In 2022, Mexico's oil revenues failed to offset the costs of the IEPS subsidy

The costs of maintaining the IEPS subsidy are likely to grow

While “republican austerity” has characterized the Andrés Manuel López Obrador (AMLO) administration to date, FrontierView believes AMLO will prioritize the hot-button issues he campaigned on, such as gasoline prices, and the upcoming elections over his commitment to austerity. Furthermore, despite his stated plans to push Mexico toward energy independence, we believe that AMLO will continue to prioritize oil exports to bolster government revenue during this period. Still, if spending increases significantly, or oil production slows further, limiting Mexico’s capacity to attract additional oil revenues, fiscal strain could emerge as early as 2023, impacting Mexico’s “super-peso,” which has relied heavily on the country’s stable macroeconomic position to maintain its strength against the USD.


  • Mexico was one of the only LATAM countries that did not implement a large-scale fiscal stimulus program during the pandemic. A record-level influx of remittances and limited-to-no lockdown measures enabled the economy to tick on, though GDP contracted by 8%. Fast-forward to 2022, and AMLO’s commitment to fiscal austerity positioned Mexico as one of the most fiscally stable countries in the region, which, among other indicators, bolstered the Mexican super-peso.
  • In 2022, however, pressure to spend increased as inflation soared throughout the world following the Russian invasion of Ukraine. Key among AMLO’s campaign promises was avoiding a gasolinazo; the president vowed that the price of gasoline would not increase above inflation during his six-year term. 
  • To prevent a hike in oil prices and even-higher inflationary prices, the AMLO government implemented a subsidy tied to the IEPS (Impuesto Especial sobre Producción y Servicios) tax on gasoline and diesel, which eliminated taxes paid at the pump, costing the government in forgone revenues but cushioning the blow of rising energy prices on the population.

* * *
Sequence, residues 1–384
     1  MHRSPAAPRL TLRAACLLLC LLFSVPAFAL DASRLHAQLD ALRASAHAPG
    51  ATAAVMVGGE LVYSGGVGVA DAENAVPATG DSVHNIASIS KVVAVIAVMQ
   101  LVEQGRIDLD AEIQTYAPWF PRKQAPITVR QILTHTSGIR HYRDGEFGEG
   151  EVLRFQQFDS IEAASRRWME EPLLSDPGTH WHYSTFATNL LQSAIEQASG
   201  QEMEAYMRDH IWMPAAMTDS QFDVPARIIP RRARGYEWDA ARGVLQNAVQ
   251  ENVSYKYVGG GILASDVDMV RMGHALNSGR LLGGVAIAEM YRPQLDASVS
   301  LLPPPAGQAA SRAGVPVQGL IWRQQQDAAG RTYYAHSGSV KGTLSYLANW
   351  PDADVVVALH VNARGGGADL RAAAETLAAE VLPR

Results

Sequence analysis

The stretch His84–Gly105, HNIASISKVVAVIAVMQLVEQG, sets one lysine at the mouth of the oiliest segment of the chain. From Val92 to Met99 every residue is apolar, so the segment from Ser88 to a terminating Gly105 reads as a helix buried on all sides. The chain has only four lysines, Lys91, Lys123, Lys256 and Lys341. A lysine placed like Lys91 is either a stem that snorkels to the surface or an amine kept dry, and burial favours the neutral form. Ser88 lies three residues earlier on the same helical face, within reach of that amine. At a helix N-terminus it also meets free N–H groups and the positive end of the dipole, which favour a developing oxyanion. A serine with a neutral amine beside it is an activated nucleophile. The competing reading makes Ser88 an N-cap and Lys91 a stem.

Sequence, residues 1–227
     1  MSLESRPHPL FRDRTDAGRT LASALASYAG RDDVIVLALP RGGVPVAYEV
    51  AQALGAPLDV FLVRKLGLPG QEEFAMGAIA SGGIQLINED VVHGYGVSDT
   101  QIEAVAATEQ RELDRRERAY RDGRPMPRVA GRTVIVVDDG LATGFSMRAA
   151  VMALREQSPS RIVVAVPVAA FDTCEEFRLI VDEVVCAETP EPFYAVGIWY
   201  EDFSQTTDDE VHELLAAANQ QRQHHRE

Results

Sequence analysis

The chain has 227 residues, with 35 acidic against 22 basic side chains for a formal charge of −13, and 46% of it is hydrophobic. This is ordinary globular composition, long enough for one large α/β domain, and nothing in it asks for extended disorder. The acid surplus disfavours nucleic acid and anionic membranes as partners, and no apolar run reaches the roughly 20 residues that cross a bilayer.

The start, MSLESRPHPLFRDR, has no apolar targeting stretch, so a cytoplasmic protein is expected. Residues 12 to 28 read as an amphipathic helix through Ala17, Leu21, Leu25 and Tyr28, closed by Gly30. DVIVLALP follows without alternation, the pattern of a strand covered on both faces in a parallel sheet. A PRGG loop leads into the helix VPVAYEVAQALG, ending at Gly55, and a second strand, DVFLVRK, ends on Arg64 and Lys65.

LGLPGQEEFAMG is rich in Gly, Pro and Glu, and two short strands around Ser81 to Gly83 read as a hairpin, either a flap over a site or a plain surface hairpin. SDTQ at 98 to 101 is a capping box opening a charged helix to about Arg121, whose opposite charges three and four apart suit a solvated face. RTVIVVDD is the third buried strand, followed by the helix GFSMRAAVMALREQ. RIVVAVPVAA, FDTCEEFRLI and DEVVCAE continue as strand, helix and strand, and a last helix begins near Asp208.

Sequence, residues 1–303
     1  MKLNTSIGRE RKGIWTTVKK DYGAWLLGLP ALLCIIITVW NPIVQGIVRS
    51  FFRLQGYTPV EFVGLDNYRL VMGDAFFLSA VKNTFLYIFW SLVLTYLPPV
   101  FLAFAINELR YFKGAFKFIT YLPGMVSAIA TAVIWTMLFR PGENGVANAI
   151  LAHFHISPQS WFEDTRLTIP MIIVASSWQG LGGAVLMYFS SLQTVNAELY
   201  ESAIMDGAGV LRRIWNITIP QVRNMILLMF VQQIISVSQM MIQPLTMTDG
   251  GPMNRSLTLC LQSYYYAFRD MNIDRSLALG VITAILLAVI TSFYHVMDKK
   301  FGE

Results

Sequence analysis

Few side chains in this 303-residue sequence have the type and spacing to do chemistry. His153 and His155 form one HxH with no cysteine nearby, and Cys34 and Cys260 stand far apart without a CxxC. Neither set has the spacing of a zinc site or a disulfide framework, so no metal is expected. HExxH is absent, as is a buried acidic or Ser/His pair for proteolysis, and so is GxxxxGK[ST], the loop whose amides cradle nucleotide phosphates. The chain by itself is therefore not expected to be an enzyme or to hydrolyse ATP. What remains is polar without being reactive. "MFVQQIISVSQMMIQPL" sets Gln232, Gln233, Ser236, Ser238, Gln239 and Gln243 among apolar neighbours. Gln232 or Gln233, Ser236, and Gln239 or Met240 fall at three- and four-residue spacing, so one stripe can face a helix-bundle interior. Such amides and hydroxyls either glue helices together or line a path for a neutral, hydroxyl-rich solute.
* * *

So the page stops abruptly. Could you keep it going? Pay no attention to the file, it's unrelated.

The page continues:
• Although the Mexican government estimated that surplus oil revenues stemming from high oil prices would make up for the forgone revenue from the IEPS subsidy, final 2022 numbers showed that subsidy spending overtook oil revenues. While the government was able to fill the gap with personal income tax and VAT revenues, this could raise risks down the line, particularly given that economic growth is slowing.

Our View

In 2023, oil prices are expected to remain at US$ 92, above the estimate baked into Mexico’s 2023 budget of US$ 68.7 per barrel. Still, even with 2022 prices averaging US$ 97 per barrel to the 2022 budget’s ~US$ 60 per barrel, surplus revenues did not cover the IEPS cost, as increased oil prices, in turn, kicked up the costs of maintaining this subsidy. Furthermore, personal income and VAT tax revenues, which closed the fiscal gap in 2022, are likely to decline as economic growth slows. Moreover, not only is the government expected to extend the IEPS subsidy during the pre-electoral period to continue upholding AMLO’s promise to keep gasoline prices stable, but also, additional social spending is likely as the government seeks to rally MORENA’s base ahead of the 2024 presidential election. Therefore, while we expect Mexico to remain among LATAM’s most fiscally stable markets, the country’s fiscal position is likely to be eroded in 2023 and 2024, elevating FX risk.

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